I recently found out that evidently the word "yoghurt" is not spelled the same in british and american english. Yet another example of how impeded my ability to communicate with my peers is. Yeah, you can stop talking about how much I communicate anyway. I know I talk a lot. I know.

But honestly this post is not about my tendency to not stop the flow of wisdom that proceeds forth out of my mouth, but rather about my attempts to make yoghurt. You see, it recently occurred to me that while yoghurt costs over $3 a quart, milk only costs about $3 a gallon. And I eat a lot of yoghurt. So, I thought, I could save a LOT of money by just making my own yoghurt! Well, actually, I probably would not actually save any money because I would be so much more likely to actually eat the yoghurt that I made that I would eat enough more of it to negate the fact that it cost less. Whatever. The point is, less money, more creamy tart yumminess. So I set out to find a simple way to make homemade yoghurt.

That search, while it may sound easy, is not. It is hard. Yoghurt is a thing which is shrouded in mystery, difficulty, and precise temperatures for prolonged periods of time. I do not have a) a yoghurt maker, b) a double boiler, c) a candy thermometer, or d) a heating pad thingy. It would seem that my yoghurt making ambitions were doomed. However, after much perseverance (I really like yoghurt) I finally happened upon a blog which told you how to tell when the milk and the yoghurt are the right temperature without a thermometer! With a little tweaking, the recipe worked great! My yoghurt is lovely! It is wonderful with fruit and granola in it for breakfast, and I feel oh-so-healthy as I eat it. And yes, I do eat about 4 times as much yoghurt now, which means I spend about the same amount of money on it as before, but hey, I get more of it now! =D

Ok, I'll stop talking and just show you how I make it.

You will need:
a pan
a whisk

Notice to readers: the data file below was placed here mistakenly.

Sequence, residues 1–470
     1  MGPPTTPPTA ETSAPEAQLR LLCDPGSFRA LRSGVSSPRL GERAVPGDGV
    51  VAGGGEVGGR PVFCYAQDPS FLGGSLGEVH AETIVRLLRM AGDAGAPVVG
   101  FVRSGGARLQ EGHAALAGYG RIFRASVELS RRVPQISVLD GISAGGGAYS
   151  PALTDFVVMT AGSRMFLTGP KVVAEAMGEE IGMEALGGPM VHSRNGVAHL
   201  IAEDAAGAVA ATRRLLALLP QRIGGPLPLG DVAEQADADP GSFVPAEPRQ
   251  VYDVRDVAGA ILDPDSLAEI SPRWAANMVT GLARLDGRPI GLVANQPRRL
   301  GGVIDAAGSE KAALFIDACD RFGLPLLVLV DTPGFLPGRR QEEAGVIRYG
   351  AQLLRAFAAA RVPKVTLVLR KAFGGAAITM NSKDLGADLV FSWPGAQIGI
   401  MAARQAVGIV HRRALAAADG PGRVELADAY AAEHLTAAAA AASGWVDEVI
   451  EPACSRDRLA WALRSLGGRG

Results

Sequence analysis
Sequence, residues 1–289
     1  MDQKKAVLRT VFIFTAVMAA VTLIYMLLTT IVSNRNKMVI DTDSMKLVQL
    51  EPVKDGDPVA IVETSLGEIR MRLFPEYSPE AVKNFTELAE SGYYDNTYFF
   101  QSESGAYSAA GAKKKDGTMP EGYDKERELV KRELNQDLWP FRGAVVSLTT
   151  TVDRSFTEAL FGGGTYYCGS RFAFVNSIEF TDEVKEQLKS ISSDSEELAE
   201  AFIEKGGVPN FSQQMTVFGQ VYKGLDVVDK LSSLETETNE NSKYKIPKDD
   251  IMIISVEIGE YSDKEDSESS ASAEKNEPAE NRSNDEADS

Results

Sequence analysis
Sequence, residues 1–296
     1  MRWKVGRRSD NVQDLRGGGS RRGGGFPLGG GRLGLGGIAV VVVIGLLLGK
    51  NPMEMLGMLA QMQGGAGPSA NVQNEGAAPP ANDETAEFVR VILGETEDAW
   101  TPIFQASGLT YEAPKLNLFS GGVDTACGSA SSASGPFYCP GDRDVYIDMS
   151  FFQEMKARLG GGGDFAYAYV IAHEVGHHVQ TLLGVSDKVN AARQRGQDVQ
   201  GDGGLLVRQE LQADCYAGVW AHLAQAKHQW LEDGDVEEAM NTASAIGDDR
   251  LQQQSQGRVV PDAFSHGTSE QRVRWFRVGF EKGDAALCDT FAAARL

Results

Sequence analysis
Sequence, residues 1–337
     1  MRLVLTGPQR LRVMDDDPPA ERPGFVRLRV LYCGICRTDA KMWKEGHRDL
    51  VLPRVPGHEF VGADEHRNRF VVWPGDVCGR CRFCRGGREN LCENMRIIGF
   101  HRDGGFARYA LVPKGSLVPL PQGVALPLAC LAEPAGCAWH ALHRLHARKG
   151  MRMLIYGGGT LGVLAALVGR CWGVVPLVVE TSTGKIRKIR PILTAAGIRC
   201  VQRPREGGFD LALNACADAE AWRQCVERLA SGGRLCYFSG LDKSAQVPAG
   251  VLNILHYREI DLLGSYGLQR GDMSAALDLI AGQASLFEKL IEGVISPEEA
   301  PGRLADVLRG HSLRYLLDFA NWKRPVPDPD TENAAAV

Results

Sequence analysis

sealable containers for your yoghurt
a blanket or several towels

milk (the amount of yoghurt you want to make, that's how much milk you need)
1/4 cup yoghurt (for your first batch. after the first batch, you can use the leftover yoghurt from your last batch)

Step 1: heat the milk in the pan, stirring lots with a whisk. Like, stir it a lot. Obsessively. Do not go do your laundry. Stay right there and stir that milk. Sometimes I wash dishes in between stirring, but mostly do stirring. Or it will burn. Yuck. Heat it until it begins to froth like that stuff you put on top of cappuccinos, and steam is coming off of it a lot.

Step 2: Now transfer the pot with the milk in it to a sink of cold water. I know, it seems weird, heat up the milk, cool the milk, but trust me it works. Promise. Continue stirring the milk, and cooling it off until you can keep your pinky finger in the milk for 10 seconds without it burning. Why? Because that's the right temperature. Just is.

Step 3: Take the pot out of the cold water and stir the yoghurt into the milk.

Step 4: Pour this warm milk-yoghurt stuff into your yoghurt containers. Make sure your containers aren't cold when you do this, they should be warm. You don't want to cool off the milky yoghurty stuff.

Step 5: Snugly wrap up your yoghurt containers in the blanket or towels and put them somewhere they will stay warm. It being Oklahoma in the summertime here, "somewhere they will stay warm" is right there on my kitchen counter. I mean, it's 105 degrees, they aren't going to cool off. You might need to find a warmer place, like near a heater.

Step 6: leave them there for about 8 hours, maybe a bit more depending on how it is doing. If it is getting thickish (it will still be pretty runny) and tart, then they are doing good.

Step 7: When they are done, take your containers out of the blanket and stir the yoghurt vigorously. You are trying to stop the bacteria activity, so it doesn't keep yoghurtifying. Then, put the containers in the fridge overnight (about 8 hours again). The yoghurt will thicken some in the fridge.

Step 8: Eat!

No comments:

Post a Comment